“Accepting a caution has very specific implications in these cases with specific regard to the Section 12 restrictions. This is because a caution is an admission of guilt, and to be guilty of breaking the S.12 restrictions you have to acknowledge the legality of those conditions, it goes hand in hand. So in other words, or in reverse – if the conditions are illegal then there could have been no breach and therefore no offence.”

“A caution is never a great option. The police will present it as such, but this is because it is an easy, cheap and efficient way for them to convert arrests into convictions. Naturally it is very tempting for the defendant to have it all over with and not have to go to court, but having a criminal record poses many issues, especially if you work with children or vulnerable adults.”.

Lives; Running reviewed

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(Hazel Potter, in London Socialist Historians Group Newsletter, Autumn 2012)

In a summer where Sebastian Coe’s face has rarely been more than a few minutes from a TV screen, David Renton’s Lives; Running  is a timely reminder that the media’s love affair with the LOCOG Chairman has been a long one. Renton takes us back to the golden era of British middle distance running, interspersing childhood memories and reflections on the Coe v Ovett rivalry with a memoir of his own running career, while exploring the relationships in and around both.

Anyone who is old enough to remember the Moscow Olympics will recall the build-up to the games, not just the US (and potential UK) boycott but the media hype around Britain’s two middle distance runners: Seb Coe and Steve Ovett. Renton tracks this, exploring not only the press depiction of “toff v monster” to characterise Coe and Ovett respectively, but also the differences between the athletes in terms of style, emotion and attitude. Coe’s all-encompassing need to win, driven by his ultra-competitive father, versus the more magnanimous Ovett, for whom running is an important part of life, but not its whole, is a theme largely ignored at the time. In 1980 the press was far keener to demonise Ovett as arrogant and even unpatriotic, whereas Coe was always – and remains –the golden boy, meaning fans of the older athlete were often at odds with family and friends. Renton is one such fan but this is only one of a string of differences, social and political, that will emerge between the author and his peers and parents during the course of the book.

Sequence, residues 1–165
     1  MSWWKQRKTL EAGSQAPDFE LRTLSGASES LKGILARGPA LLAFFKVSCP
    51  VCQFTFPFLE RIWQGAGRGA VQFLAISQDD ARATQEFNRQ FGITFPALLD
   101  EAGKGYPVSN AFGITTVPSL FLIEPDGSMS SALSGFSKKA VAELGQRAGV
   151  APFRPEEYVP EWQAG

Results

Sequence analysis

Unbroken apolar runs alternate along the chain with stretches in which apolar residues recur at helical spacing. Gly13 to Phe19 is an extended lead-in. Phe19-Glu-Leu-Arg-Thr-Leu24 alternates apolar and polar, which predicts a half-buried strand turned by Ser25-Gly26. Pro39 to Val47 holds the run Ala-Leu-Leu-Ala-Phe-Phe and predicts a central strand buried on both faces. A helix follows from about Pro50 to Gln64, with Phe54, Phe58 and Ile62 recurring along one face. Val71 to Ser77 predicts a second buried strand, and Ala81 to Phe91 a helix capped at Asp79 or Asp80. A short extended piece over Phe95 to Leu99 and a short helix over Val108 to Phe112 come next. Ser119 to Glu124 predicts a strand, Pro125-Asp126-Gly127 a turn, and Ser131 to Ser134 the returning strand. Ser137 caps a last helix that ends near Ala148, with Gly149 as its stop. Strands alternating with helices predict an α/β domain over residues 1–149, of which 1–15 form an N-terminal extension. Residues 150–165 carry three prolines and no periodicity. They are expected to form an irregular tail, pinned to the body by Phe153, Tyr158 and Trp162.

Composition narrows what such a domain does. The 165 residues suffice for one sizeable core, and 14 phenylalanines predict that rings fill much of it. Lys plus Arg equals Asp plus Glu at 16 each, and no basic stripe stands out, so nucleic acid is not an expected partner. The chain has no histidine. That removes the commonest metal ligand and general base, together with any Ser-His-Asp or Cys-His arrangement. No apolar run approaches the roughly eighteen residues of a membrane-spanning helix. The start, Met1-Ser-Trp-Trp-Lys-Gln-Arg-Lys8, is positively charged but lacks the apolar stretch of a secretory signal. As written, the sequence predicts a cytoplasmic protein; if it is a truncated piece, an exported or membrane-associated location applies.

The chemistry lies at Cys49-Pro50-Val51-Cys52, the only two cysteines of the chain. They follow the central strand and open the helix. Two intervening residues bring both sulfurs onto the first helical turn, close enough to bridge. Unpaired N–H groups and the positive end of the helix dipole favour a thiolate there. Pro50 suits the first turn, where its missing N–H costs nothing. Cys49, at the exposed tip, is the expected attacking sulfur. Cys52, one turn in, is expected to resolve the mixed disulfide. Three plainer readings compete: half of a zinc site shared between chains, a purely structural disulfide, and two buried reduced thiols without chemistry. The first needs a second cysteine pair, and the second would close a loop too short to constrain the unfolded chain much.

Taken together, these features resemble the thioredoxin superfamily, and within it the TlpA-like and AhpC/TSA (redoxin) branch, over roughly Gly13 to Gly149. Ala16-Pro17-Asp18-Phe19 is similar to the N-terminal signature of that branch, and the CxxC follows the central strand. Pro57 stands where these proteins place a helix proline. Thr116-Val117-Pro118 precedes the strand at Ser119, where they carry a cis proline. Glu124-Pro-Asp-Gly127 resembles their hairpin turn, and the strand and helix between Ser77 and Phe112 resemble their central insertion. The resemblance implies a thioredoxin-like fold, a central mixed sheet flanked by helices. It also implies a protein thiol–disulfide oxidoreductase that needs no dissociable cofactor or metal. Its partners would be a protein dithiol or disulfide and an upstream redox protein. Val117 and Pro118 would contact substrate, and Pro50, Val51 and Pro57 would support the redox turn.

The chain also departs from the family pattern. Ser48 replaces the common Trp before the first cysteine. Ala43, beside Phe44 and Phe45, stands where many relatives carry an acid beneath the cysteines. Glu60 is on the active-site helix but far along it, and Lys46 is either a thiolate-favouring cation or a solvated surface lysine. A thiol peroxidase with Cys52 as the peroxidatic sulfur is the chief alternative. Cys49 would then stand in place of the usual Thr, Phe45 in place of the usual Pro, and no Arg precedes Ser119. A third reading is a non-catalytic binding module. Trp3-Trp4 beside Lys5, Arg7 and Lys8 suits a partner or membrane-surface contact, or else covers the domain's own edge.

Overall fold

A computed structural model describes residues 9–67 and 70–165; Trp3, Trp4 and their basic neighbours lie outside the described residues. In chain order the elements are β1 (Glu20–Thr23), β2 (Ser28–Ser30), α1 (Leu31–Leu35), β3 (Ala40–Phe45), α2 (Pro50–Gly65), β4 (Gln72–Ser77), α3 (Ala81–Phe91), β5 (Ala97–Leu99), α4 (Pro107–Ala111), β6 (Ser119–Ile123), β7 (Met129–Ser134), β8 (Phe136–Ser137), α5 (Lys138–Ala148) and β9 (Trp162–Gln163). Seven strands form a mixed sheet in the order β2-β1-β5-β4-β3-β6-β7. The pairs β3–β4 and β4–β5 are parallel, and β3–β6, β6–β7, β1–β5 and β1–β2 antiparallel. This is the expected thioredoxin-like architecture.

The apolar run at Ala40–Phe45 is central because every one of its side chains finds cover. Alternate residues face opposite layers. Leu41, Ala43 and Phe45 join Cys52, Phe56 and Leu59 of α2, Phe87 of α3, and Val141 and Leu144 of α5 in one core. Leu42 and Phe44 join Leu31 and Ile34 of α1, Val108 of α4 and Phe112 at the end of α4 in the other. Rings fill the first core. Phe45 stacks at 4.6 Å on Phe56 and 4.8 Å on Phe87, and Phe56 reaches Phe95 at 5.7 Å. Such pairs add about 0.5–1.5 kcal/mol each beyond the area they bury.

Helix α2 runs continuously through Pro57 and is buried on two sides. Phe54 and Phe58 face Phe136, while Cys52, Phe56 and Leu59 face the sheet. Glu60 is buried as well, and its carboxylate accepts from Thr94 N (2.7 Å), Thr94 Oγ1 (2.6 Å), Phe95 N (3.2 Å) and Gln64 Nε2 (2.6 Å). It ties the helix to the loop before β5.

Coe’s upbringing – and in particular his father – helped to shape him as an athlete and the resultant craving to compete and win will undoubtedly have played a role in the development of his Thatcherite politics. His constant need to compete with Ovett and to take credit for his teammate’s performances portray a fear of failure but also a lack of compassion and understanding of the realities outside of the track. One quote from Coe reads: “I always had the feeling that when the gap began to disappear … the rivalry would become greater, and with it his need to prove himself,” and you wonder whether it was, in fact, Coe who needed to prove something not Ovett.